The story takes place over a 300 year period, from humanity's escape from the Sol system to settling on a new planet, Kamaria, where most of the story takes place.
This book packs a real punch with epic space and planet-side battles, against brilliantly imagined aliens and entities.
The alien world-building is superbly done, and the alien species and culture is really well thought out and executed.
What I enjoyed most was the human and alien relationships - family, friends, colleagues, lovers - the whole range of emotions are covered throughout. The characters are well written. I particularly enjoyed the Castus family dynamic, and the mental struggle between Roelin and Nhymn.
Overall I enjoyed this read, and it has more than enough for me to want to hear more of the song of Kamaria.
i went into this with a lot of hype from the indie book community and not knowing what to expect I wanted to be surprised. In the Orbit of Sirens certainly surprised me. Wow what a strong debut. Worldbuilding was extremely important and T.A. Bruno delivered a really imaginativ, phantastical world on the planet of Kamaria. behind every corner something new to explore. Characters were good but I felt more as an outsider overlooking the whole group of people and inhabitants under a glass dome than getting attached to one or two specifically. The way the sirens work was incredibly well done. Action scenes really great. Overall it read/listened to an action-packed, really well thought through movie/tv series from which you def want more. special mention to the audio book .. the narrator was chef's kiss! absolutely fantastic!
How was this book? Well, let me tell you. I'm mad. Hopping mad, I say! And why?
Well, you know the movie Avatar, right? Came out in like 2009, they've been threatening us with sequels for a solid decade? Bullshit Dances with Pocahontas plot? No actual Airbenders in it? You know the one.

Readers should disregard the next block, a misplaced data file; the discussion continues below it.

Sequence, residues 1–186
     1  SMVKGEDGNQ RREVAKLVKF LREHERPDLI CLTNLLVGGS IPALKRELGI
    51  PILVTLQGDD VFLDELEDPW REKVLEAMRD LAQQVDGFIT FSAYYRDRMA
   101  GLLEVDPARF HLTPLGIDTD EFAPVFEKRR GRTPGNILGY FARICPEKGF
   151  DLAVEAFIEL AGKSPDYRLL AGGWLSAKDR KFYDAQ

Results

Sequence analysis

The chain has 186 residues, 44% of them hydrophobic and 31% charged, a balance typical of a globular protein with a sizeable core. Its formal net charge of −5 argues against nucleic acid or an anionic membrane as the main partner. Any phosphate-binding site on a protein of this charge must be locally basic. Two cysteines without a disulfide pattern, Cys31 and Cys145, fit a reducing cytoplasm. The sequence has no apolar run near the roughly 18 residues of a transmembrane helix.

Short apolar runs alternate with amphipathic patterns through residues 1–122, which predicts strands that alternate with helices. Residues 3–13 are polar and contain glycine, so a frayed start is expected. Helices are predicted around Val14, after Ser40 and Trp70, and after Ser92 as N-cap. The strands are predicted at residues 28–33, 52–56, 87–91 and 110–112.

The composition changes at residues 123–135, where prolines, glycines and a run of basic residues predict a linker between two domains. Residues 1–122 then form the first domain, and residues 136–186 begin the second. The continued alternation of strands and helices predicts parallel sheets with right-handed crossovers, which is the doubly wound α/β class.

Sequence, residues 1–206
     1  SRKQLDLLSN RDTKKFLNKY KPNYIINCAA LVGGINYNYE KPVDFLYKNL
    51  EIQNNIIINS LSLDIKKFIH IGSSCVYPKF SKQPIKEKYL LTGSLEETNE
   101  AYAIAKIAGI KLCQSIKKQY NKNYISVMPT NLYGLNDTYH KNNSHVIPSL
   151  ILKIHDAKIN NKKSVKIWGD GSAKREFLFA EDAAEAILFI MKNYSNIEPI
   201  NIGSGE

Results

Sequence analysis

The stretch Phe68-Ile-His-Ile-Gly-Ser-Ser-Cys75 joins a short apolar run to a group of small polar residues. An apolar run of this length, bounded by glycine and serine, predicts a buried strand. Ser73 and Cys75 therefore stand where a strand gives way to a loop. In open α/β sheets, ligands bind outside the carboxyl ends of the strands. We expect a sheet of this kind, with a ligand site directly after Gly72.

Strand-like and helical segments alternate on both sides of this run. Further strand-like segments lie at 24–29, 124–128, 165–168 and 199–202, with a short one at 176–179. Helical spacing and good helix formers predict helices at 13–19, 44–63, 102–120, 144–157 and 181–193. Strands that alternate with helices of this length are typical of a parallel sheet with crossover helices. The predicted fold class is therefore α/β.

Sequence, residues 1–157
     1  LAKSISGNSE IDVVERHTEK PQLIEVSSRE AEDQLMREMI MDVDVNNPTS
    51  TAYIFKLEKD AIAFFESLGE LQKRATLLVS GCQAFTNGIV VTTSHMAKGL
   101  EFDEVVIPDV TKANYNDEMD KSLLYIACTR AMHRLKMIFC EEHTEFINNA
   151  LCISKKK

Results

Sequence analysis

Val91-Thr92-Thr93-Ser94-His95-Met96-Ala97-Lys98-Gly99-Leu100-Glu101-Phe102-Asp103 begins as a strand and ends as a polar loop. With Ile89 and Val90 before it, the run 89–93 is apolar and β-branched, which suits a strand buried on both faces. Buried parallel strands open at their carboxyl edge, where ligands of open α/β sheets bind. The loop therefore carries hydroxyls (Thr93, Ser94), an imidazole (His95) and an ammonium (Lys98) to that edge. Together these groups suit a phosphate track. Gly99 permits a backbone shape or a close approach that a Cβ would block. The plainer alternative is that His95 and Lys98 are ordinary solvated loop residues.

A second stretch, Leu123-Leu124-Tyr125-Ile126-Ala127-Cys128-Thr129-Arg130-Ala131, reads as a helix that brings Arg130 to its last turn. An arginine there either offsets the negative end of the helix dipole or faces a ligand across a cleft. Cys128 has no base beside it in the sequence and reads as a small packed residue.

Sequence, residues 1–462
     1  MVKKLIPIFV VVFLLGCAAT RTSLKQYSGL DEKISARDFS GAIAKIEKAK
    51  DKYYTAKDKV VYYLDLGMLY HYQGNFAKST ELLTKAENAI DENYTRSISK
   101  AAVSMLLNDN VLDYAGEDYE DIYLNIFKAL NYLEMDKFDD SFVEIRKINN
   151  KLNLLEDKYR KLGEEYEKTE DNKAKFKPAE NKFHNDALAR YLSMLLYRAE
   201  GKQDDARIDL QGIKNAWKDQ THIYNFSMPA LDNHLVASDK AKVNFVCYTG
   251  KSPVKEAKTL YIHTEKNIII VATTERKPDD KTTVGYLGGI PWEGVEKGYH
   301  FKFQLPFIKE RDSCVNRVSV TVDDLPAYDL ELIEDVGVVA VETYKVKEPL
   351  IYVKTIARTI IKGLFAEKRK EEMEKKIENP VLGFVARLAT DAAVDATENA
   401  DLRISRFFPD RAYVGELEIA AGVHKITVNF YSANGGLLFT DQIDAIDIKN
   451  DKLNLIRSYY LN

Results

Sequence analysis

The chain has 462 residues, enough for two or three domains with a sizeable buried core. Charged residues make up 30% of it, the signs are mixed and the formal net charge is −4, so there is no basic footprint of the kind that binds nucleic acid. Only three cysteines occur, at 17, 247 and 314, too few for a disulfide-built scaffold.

Anyway, In the Orbit of Sirens is like "what if Avatar, but actually really good and with an imaginative plot and characters instead?"
So, the stuff that I loved about the movie (I'll stop referring to it specifically now, I absolutely don't want to imply this is derivative) - the amazing planet and landscape, the premise of humans as invaders unsuited to live in the new world, the wealth of visual storytelling, great creatures and biological interplay, the deep communion between alien sentients and their environment that humans lack - all of that was in the book, in spades. And even more so - the interconnected nature of the life-forms wasn't so dumb and didn't involve any gonad-braids at all - not even one! The biosphere and its layers and complexity were amped up, and on top of that you got an actually interesting and original plot and concepts.
Talking about creativity, Bruno's attention to detail goes above and beyond. One day I will get a 3D printer and I hope his work will be available to make miniatures out of. Although among all the creatures and characters in this story, in my opinion the dray'va were done the most dirty. That was really sad, man.
Anyway, where was I?
Earth has been overrun by the hostile Undriel. A pair of colonist / refugee ships, five years apart, have arrived at Kamaria where the air is unbreathable due to an aggressive bacterial something-or-other. The lead ship arrives with the mission to find a cure for humanity so the colonists of the second ship will be safe. The first part of the book interfolds the two groups' stories really interestingly, as challenges and adventures befall both on their quests to adapt to life on Kamaria and escape the doomed solar system of Earth, respectively. Really nice.
My only complaint here would be that the opening seemed a bit ... unpolished? Whether that was just an illusion because I got used to the writing, or if some parts had received more editing than others, it was hard to say. But the opening chapters were a little cumbersome with unnecessary adjectives and stuff - I don't say this often because I fucking love adjectives but for the elegant and exciting opening the book has, it was made more difficult than it needed to be. Just my opinion, obviously I got past it and I was heartily glad I did. It may have put me off if I was leafing through it at a bookstore or on the Amazon's Look Inside click-through, you know?
Bill Herman, of the Competing Mechanics Shop Hermans - I'll say this here because I can't find a better place for it - is a grade-A moron and deserved everything that happened to him and his entire family. I do wonder if we'll see more of that in later books. The threat of the Undriel has not actually gone away, and remains a focal plot point of this book and the story going forward, so I wouldn't be surprised. Certainly shits all over unobtainium. But then, everything shits all over unobtainium when used unironically.